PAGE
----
So I built ships for shoulders. I made myself available to anyone and everyone. I had no boundaries. I offered my services free of charge and often went into debt trying to buy my way into shaky friendships, fleeting romances and rocky partnerships. I was lost at sea; my ship-sized-shoulders took on way too much water and she began to sink. But I kept working, kept performing, kept presenting anyway. I cringe thinking about it now.
"Come to me all you who are heavy laden and I will give you rest." The voice that cried out in the darkness of my soul beckoned me to lift my eyes to the hills; help was on the way. Like Peter, I'd lost my focus, choosing to fix my eyes on how much the world hates Black bodies, especially those with vaginas. (crude, but true) Until I began to readjust my vision. To look beyond the lies and embrace something stronger: the truth that God, who began a good work in me, would be faithful to complete it in this life while waiting for the hope He offers through Jesus Christ in the next.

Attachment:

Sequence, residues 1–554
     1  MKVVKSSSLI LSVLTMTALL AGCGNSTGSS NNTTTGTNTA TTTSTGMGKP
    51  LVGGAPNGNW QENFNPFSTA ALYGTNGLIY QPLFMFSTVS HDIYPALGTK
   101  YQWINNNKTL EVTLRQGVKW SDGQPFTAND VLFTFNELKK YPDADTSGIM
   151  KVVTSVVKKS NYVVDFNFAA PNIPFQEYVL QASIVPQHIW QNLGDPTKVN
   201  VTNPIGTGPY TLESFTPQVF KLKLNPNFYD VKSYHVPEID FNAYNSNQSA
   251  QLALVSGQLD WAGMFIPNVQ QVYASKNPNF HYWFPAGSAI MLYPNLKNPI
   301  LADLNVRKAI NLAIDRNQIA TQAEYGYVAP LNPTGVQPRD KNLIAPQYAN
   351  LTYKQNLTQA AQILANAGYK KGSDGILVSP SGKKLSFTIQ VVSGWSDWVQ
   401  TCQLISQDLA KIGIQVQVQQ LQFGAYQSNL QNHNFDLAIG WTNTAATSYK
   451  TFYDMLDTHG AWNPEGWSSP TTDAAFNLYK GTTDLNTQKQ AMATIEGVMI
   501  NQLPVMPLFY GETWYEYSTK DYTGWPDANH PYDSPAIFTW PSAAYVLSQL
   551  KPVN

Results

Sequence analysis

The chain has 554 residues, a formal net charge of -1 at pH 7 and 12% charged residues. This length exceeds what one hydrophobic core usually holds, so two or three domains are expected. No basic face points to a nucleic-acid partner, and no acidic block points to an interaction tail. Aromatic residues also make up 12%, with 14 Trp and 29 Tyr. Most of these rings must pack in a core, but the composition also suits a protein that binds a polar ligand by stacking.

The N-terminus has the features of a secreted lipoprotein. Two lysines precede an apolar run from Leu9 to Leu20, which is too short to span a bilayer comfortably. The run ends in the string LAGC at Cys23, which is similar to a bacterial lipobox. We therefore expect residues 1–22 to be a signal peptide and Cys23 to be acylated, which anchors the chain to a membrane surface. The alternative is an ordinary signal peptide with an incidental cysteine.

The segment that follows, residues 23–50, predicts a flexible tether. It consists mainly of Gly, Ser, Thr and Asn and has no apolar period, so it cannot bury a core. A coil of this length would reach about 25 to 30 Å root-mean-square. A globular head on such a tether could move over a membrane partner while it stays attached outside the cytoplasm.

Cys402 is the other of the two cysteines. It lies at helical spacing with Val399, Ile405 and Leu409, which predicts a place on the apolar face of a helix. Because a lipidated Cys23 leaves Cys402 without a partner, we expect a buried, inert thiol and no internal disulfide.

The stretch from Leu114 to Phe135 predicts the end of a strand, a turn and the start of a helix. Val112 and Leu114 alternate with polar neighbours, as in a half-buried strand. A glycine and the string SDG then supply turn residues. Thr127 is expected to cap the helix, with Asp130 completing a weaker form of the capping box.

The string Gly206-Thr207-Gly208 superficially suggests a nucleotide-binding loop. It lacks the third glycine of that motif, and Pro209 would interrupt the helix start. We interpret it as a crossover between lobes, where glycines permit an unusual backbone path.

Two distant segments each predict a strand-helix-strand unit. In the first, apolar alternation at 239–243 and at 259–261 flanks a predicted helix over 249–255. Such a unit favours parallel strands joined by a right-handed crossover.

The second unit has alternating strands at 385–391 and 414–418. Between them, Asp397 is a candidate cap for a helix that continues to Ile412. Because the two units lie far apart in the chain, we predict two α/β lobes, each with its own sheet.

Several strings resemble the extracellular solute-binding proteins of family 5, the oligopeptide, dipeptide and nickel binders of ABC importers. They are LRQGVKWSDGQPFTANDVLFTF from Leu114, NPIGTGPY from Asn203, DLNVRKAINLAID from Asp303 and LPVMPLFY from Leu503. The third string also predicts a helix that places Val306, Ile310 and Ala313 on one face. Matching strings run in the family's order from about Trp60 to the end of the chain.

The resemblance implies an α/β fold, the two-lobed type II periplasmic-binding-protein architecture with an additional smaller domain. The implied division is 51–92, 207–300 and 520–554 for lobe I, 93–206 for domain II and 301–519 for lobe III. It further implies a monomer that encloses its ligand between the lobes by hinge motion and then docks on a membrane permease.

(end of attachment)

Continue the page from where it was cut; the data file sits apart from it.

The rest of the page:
I finally reached out & showed up at my first appointment with a licensed therapist on October 20, 2017 in Guayaquil, Ecuador and began the hard work of my undoing. Things got darkest before the dawn, but as I began to learn where my boundaries had to be placed, and began to remove the ships and allow my shoulders to just be... shoulders. I found rest for my weary soul at the feet of Jesus.
The past few years has been me on this continuous process of learning to be more and more comfortable in the person God had always made me to be:
I went off script last night during a group conversation, and I freaked out afterwards, thinking I said all the wrong things and brought bad energy to the gathering. I asked a few good friends about their take on it and was reassured that I was in my head. One responded that I always seem to know what my boundaries are, and when I'm being pushed in a way that may cause it to break, I will express myself. Ha, well, that's a confirmation I'm on the right track, closer to freedom than I've ever been.
I'm coming out of hiding. No more anchoring myself to destructive lies. Black girls and Black women are beautiful just as we are. We must no longer work so hard, perform so polished, nor present an image of what we think the world wants to see. Loving a Black woman is a risk that seemingly few are willing to take; but I see you, and I finally believe you.